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June 1, 2020

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The Video Surveillance Report 2022


International SOS: Returning to work advice for security professionals

James Wood, Head of Security Solutions at International SOS, offers advice on the WORKSAFE steps security professionals should look to take into account as they return to work after lockdown.

More so than ever before, security professionals are facing unprecedented challenges on multiple fronts. At International SOS, we’re seeing an exponential rise of COVID-19 related security cases, which demonstrates how the effects of the pandemic are all-encompassing. In February, for instance, COVID-19 was linked to over 50% of our security cases and in March this number rose to 75%, which is a truly staggering percentage given the number of cases was also increasing to around double the amount we’d normally expect to see over a month.

International SOS has recently highlighted that emerging threats related specifically to the coronavirus include:

  • growing xenophobia,
  • Forms of anti-government sentiment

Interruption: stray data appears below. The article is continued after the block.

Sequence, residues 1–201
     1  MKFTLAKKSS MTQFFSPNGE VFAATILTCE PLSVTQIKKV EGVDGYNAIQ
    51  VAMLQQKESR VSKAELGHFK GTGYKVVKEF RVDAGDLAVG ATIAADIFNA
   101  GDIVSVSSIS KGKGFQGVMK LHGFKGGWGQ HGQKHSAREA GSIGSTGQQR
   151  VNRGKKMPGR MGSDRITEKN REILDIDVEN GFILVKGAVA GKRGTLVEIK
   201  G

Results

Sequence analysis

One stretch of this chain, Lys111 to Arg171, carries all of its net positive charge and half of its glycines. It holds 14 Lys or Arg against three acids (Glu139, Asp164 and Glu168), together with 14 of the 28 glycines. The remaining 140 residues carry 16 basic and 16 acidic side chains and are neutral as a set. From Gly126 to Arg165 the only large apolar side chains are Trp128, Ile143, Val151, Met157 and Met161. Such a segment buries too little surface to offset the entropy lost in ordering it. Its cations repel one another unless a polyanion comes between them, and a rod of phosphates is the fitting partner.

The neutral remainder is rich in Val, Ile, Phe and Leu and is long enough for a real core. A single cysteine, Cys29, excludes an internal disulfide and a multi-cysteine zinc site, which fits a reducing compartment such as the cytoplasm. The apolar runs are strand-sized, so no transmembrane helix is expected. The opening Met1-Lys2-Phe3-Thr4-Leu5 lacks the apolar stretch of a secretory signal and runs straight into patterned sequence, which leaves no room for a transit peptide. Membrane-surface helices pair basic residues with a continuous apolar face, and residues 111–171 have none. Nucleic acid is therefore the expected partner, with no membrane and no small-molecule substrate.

• Social unrest and petty crime

With these statistics in mind, it is clear that security teams will play a critical role when transitioning to a ‘new normal’ workplace, as lockdown measures in many nations start to be relaxed. For those organisations looking to return to work, it is vital that any return is safe and sustainable over the long-term.

Although no business can guarantee that the spread of COVID-19 can be fully contained, precautionary steps will minimise risks, fulfil duty of care responsibilities and promote workforce resilience. Whatever the circumstances, whether in an office, a factory, a retail outlet or even out on an oil rig, preparation and ongoing actionable insights drawing from the most up to date information are a must to mitigate risks. These insights need to take into account governmental guidelines and assess what is necessary for a particular workforce to operate.

At International SOS we’ve highlighted eight steps for security teams to consider when assisting their organisations returning to WORKSAFE operations:

Workspace environment

Consider screening, zoning, barriers, cleaning protocols, ventilation, access, and the provision of PPE and IT equipment where needed. Understanding the different security risks associated with different workplace environments is also key. Local management in higher-risk locations should be confident and trained in their responses to any incident; ensure that staff and dependants are familiar with local security plans and know what actions to take in the event of an incident. Actions should be appropriate to the risk environment and managers should be confident in their responsibilities to both the site and their staff.